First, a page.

Delaware Environmental Institute
Grand Challenges in Water Sustainability
This series of three symposia is focused on water sustainability issues in the 21st century. The goal of the series is to bring together students, faculty, and professionals in the mid-Atlantic region to share and discuss current knowledge and research in the field and expose students to potential career paths within water sciences.
This series is funded through the UD Office of Graduate and Professional Education’s Grand Challenges Program and organized by the DENIN Water Working Group and graduate students studying water across the University of Delaware.
Details for the second of the three symposia are below. Mark your calendars now for the other symposia in the series:
Symposium III: Science, Management and Policy for Water
June 7 at the Delaware National Estuarine Research Reserve, Dover, DE
Symposium II: Future of Water in the Mid-Atlantic: Agriculture, Restoration and Technology
The second symposium in the series will focus on stream restoration and dam removal, agricultural BMPs and resiliency, and technologies (e.g. biochar) for water remediation.
The symposium will include a keynote address, topical sessions, an Innovation in Water Science Panel, and a Student Poster Session with cash prizes. A light breakfast, full lunch, and snacks will be provided.
When: Friday, March 22nd, 2019, 9 AM to 5 PM – World Water Day
Where:Stroud Water Research Center (970 Spencer Rd, Avondale, PA 19311)
Register at link here by midnight on Monday, March 11th!
|8:30||Registration and Continental Breakfast|
|9:00||Keynote: Brian Richter, Keynote Speaker. Growing Water: The Role of Farmers in Resolving Water Scarcity|
|Topical Session: Dam Removal and Stream Restoration
|11:15||Dam Removal and Stream Restoration Questions|
|11:30||Lunch and poster session|
|1:00||Innovation in Water Science Panel
|Topical Session: Agriculture, Water Quality, BMPs and Resiliency
|3:00||Agriculture: Water Quality, BMPs and Resiliency Questions|
|Topical Session: Technologies for Water Remediation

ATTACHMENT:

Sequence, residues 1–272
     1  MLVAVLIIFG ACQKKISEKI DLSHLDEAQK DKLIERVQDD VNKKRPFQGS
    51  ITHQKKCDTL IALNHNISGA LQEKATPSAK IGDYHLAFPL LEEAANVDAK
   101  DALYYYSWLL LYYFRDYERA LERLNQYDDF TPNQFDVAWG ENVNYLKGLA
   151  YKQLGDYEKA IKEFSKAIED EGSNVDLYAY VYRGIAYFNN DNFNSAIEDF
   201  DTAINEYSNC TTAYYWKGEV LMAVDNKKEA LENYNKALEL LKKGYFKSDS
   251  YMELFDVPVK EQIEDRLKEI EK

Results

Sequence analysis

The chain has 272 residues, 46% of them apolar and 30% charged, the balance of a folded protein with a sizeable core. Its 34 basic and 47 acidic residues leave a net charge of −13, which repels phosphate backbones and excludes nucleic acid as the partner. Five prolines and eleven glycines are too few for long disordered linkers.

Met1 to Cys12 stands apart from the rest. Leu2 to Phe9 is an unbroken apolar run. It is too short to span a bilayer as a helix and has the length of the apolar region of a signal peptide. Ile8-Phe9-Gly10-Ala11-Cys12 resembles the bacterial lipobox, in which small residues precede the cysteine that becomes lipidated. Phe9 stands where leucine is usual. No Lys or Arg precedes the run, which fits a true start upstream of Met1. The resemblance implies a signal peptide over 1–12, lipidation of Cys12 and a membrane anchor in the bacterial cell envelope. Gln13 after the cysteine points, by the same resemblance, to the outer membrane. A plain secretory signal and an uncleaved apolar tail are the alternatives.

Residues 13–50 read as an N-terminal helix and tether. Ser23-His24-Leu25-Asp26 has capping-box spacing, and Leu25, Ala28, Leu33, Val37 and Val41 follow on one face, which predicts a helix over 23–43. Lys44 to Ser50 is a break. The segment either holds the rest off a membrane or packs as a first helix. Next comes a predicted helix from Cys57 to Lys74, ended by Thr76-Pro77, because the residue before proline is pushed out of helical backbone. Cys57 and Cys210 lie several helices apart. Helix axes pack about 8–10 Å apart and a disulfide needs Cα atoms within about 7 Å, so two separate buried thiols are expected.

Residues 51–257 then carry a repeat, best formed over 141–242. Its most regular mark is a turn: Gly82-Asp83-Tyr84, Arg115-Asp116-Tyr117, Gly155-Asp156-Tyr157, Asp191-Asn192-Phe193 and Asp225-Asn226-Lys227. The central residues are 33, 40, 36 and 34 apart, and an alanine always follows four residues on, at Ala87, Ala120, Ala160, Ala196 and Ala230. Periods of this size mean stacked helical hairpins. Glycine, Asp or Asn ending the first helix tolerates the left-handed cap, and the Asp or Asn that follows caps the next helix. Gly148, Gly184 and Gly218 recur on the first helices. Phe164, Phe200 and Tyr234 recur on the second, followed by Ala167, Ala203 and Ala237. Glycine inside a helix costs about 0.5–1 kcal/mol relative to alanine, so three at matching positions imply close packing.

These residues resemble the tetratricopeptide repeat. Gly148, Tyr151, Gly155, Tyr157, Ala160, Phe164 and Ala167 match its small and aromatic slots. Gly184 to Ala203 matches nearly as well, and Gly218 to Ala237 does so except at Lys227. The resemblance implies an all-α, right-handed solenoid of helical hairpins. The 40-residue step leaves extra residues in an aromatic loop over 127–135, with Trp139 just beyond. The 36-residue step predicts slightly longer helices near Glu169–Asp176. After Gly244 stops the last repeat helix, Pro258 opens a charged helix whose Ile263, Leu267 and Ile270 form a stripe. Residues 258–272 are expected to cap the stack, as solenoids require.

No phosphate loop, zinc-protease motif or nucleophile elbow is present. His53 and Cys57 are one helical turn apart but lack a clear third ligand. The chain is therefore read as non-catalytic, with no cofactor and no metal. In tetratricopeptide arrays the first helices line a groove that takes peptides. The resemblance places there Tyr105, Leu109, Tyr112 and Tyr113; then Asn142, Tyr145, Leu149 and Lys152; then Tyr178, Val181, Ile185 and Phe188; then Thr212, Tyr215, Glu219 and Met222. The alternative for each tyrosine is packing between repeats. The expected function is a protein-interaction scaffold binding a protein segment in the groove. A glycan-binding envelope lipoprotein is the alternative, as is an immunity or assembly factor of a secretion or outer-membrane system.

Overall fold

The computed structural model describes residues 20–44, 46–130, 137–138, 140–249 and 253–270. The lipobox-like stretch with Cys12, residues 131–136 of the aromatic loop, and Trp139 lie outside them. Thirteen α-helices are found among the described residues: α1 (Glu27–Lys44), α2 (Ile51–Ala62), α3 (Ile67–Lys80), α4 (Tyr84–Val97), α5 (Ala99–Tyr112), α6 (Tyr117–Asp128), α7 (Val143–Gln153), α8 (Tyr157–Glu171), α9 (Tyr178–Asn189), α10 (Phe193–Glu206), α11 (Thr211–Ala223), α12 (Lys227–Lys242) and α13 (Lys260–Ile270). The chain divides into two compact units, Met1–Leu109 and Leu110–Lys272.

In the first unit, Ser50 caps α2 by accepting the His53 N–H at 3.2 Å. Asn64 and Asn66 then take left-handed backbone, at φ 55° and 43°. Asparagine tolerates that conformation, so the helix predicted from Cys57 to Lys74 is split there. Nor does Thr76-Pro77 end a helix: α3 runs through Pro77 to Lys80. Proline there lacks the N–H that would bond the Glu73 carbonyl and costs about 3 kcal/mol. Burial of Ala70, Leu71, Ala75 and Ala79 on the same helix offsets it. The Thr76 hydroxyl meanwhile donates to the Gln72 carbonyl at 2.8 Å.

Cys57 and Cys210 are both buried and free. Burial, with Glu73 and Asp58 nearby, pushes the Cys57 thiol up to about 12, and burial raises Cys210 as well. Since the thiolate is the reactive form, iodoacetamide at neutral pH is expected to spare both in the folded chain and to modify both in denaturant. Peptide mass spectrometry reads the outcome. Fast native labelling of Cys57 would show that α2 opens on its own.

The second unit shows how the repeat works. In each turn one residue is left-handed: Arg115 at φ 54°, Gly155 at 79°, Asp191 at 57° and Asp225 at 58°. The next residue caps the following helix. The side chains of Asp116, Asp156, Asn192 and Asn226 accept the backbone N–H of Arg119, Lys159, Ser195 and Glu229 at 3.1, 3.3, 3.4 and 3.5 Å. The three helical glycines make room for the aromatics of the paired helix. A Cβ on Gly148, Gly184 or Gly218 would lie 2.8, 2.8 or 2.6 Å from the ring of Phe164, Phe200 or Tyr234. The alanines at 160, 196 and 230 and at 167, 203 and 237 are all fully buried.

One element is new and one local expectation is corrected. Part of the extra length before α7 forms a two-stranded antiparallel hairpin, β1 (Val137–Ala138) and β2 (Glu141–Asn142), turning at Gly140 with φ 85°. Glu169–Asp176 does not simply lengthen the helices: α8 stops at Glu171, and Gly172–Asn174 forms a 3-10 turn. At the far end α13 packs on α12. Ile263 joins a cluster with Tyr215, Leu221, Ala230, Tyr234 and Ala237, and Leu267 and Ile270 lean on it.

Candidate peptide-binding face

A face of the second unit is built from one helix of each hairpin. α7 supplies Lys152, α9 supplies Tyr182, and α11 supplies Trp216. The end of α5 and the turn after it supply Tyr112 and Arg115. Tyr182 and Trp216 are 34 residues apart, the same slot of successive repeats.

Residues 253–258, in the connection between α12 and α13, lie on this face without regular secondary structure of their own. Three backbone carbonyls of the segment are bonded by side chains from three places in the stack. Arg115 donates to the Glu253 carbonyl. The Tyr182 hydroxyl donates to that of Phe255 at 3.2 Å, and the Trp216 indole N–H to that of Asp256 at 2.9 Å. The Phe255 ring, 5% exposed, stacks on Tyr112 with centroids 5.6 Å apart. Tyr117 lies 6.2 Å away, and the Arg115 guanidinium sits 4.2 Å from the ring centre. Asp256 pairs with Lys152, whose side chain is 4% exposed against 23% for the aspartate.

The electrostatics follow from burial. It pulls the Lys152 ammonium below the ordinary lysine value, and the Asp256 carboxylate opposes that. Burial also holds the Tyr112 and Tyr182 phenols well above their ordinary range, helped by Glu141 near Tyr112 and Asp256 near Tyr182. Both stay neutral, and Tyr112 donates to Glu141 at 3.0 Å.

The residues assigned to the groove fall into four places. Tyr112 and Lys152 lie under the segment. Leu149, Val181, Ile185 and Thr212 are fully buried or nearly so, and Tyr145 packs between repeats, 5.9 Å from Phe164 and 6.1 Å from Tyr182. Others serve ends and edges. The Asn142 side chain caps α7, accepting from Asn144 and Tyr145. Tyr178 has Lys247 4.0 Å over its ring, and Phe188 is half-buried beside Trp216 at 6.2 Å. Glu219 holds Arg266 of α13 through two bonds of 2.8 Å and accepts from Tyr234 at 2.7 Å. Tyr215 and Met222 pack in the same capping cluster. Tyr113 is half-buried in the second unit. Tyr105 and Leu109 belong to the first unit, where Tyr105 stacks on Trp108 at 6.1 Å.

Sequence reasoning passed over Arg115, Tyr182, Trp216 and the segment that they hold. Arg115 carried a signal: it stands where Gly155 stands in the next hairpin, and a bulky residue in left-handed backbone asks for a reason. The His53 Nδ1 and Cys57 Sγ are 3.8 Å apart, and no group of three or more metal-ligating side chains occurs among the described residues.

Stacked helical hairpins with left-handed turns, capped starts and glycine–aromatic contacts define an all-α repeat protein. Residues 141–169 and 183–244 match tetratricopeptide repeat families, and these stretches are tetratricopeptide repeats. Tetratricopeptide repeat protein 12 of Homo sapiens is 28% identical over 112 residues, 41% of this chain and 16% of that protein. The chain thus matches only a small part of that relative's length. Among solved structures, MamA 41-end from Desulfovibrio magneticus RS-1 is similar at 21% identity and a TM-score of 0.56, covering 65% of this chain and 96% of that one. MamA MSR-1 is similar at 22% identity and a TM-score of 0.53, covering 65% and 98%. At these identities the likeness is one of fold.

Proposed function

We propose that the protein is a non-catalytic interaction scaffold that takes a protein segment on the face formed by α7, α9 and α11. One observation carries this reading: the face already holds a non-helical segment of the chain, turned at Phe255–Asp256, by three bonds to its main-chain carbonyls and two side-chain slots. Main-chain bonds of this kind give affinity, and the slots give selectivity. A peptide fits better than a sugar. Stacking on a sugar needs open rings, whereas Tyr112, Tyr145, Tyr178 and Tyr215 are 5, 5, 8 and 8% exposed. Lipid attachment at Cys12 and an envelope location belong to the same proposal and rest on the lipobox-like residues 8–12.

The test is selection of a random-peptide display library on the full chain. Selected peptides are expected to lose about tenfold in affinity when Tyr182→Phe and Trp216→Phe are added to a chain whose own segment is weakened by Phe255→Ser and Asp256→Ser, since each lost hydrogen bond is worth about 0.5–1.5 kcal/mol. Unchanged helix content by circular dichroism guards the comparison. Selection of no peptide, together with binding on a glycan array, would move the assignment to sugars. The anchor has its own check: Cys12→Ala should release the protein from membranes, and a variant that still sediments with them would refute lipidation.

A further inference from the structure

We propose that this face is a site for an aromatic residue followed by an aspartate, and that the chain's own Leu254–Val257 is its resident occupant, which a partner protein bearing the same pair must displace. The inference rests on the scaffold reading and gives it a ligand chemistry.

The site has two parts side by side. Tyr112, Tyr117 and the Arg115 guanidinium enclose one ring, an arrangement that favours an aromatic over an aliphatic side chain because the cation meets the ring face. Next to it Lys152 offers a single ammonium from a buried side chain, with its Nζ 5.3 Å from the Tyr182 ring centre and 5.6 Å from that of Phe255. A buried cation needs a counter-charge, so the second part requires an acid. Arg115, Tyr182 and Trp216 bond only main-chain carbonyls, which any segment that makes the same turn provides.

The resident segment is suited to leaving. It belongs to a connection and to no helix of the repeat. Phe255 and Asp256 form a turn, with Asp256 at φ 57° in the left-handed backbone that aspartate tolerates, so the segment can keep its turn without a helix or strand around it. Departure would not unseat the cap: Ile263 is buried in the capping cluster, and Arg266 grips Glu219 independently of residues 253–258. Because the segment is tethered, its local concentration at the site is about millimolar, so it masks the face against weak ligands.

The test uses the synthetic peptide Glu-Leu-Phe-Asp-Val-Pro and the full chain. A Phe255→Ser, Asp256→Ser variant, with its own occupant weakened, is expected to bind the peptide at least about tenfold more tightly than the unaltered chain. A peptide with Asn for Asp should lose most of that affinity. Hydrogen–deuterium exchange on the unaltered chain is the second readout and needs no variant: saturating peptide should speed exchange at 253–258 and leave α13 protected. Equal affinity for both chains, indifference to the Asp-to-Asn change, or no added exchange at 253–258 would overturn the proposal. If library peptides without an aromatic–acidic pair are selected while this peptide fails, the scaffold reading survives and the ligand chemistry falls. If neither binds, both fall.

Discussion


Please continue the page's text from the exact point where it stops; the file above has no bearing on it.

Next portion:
|4:30||Technologies for Water Remediation Questions|
|4:45||Closing remarks – Where do we go from here?|
Brian Richter has been a global leader in water science and conservation for more than 30 years. He is the president of Sustainable Waters, a global water education organization, where he promotes sustainable water use and management with governments, corporations, universities, and local communities. He previously served as Managing Director for the Global Water Program of The Nature Conservancy, an international conservation organization. Brian has consulted on more than 150 water projects worldwide. He serves as a water advisor to some of the world’s largest corporations, investment banks, and the United Nations, and has testified before the U.S. Congress on multiple occasions. He also teaches a course on Water Sustainability at the University of Virginia.
Brian has developed numerous scientific tools and methods to support river protection and restoration efforts, including the Indicators of Hydrologic Alteration software that is being used by water managers and scientists worldwide. Brian was featured in a BBC documentary with David Attenborough on “How Many People Can Live on Planet Earth?” He has published many scientific papers on the importance of ecologically sustainable water management in international science journals; the impact rating of his peer-reviewed journal papers places him within the top 10% of all scientists worldwide. He co-authored a book with Sandra Postel entitled Rivers for Life: Managing Water for People and Nature. His latest book, Chasing Water: A Guide for Moving from Scarcity to Sustainability, has now been published in five languages.